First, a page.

Do You Know About Switchbacks?
Have you read a description of a hike and come across the term switchbacks? Did you decide to stop reading right there and choose another hike? If you are new to hiking, some of the terms can be confusing. Switchback is one of those words.
When I was new to hiking in the mountains, I kept coming across this term. I did not know what it meant, but I decided to go on the hikes anyway. However, I never came across a sign marked switchbacks.
One day, I was hiking with a friend and as we were headed up the steep mountain she said, “these switchbacks are killing me”! I asked her what that meant, and from that moment on I had a new word in my hiking vocabulary.
Now that I know what switchbacks in hiking are, I want to share this information with you! In this article, I will tell you everything you need to know about switchbacks!
What Are Switchbacks?
According to the Merriam Webster online dictionary, a switchback is “ a zigzag road, trail, or section of railroad tracks for climbing a steep hill”.
As you can see, the word switchback can be used to refer to a road and railroad tracks as well as hiking. However, switchbacks in hiking refer to the steep parts of the trail where charging directly up the incline would be too difficult.
For a visual, check out the above video!
Why Should You Care?
So, why should you care what switchbacks are? The primary reason is that hiking this portion of the trail can be quite difficult. I have seen switchbacks last anywhere from .01 miles to 3 miles. There are differences in incline percentage as well.
I always read a description of the trail beforehand to get an idea of how difficult the trail may be. The trail may only be 3 miles to the top, but 2 out of the 3 may be switchbacks. This leads me to the next topic.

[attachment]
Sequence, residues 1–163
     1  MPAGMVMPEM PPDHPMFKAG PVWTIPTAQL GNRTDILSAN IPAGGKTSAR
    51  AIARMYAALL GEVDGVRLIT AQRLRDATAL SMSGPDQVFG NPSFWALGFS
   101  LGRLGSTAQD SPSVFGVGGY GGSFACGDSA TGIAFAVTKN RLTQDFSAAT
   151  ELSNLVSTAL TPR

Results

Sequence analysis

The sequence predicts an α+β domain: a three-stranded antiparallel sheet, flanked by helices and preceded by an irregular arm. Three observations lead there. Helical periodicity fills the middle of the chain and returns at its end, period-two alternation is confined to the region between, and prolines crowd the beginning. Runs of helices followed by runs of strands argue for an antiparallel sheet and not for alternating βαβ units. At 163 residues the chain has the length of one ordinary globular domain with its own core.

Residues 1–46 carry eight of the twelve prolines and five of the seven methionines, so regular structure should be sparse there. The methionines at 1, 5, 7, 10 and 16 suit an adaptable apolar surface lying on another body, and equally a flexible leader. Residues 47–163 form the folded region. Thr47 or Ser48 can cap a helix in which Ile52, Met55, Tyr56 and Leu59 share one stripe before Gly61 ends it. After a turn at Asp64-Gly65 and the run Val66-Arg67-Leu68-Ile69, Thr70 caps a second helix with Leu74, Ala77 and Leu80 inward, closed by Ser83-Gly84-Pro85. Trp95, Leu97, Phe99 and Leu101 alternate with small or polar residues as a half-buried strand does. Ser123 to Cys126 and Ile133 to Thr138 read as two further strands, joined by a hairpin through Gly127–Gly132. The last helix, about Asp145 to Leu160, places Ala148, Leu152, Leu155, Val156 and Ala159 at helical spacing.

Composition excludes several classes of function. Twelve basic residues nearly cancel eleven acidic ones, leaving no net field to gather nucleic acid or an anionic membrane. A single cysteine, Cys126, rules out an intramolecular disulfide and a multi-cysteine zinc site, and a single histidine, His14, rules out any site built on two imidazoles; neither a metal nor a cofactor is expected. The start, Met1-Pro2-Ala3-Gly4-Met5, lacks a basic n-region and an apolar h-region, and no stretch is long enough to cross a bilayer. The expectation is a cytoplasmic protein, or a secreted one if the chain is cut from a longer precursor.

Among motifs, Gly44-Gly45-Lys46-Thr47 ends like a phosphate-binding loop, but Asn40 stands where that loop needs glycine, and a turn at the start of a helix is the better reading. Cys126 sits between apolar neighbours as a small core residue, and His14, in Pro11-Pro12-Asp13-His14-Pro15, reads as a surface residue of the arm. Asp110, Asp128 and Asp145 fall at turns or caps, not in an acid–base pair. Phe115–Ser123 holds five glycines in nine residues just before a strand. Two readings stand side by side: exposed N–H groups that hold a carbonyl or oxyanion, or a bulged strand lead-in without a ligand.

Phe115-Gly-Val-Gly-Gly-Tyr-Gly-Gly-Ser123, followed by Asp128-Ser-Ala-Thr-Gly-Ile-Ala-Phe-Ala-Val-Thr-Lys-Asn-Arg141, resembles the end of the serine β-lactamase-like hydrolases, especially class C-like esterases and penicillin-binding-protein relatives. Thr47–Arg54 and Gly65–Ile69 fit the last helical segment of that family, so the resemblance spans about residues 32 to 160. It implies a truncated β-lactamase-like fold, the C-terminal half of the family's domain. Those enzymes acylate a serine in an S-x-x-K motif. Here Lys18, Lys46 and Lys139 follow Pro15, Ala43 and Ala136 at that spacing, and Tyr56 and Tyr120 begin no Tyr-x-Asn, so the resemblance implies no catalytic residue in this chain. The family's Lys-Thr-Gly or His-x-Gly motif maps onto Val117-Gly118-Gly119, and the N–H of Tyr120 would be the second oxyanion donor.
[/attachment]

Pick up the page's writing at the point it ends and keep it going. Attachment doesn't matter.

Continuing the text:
Getting in Shape
To tackle the most difficult inclines, you will want to get in shape beforehand. I once had to turn back on a short backpacking trip, because I could not make it up the switchbacks.
Learn from my embarrassing mistake, and plan to get in shape accordingly.
Have you ever been on a set of switchbacks, and seen a sign that says “keep off: restoration area”? That sign is up to stop people from cutting switchbacks. You may also have seen a worn trail up the middle of switchbacks.
Yes, it is true the fastest way from one place to another is a straight line. However, you must respect the environment and stay on the pre-made trail. Also, make sure your children do not cut them either!
5 Steps to Conquer Even the Most Difficult Switchbacks:
No matter what kind of climate you are in, to keep up your energy you must properly hydrate! This goes double in the desert.
If you are going be backpacking where there are switchbacks, you will want to plan for more water than usual. Especially in the summertime.
Keep a Steady, Comfortable Pace
I know I am guilty of trying to get to the end of the trail in a record pace. If you are like me and favor the destination more than the journey, you should stop!
I know it is easier said than done. However, I know from experience that enjoying the adventure will help you keep a steady, comfortable pace.
Do Not Sit on Your Breaks
If you want to make it up switchbacks, you are going to want to take frequent breaks. However, the last thing you want to do on your break is sit down.
I know it seems counterintuitive, but you do not want to rest too much.
When you sit down in the middle of a hike it increases the chance your heart rate will go back to normal. When you rest, you should only do so long enough to catch your breath.
Shorten Your Hiking Poles
If you hike with poles, be sure to shorten them enough to account for the incline. If you are hiking with sticks or non-adjustable poles, you can hold them further down for an easier experience.
Having and keeping a positive mindset may be the most important of these 5 steps. Whenever you have or feel a negative thought, replace it with a positive thought.
Check out these basics on How to hike switchbacks.
Now you know what switchbacks are, and what it takes to hike them! I have also given you all of the guidance you need in order to talk about switchbacks confidently.
What do you think? I want to hear from you! Have you ever been on a hike with a ton of switchbacks? How did you conquer them? Do you have any questions? Let me know in the comment section below.
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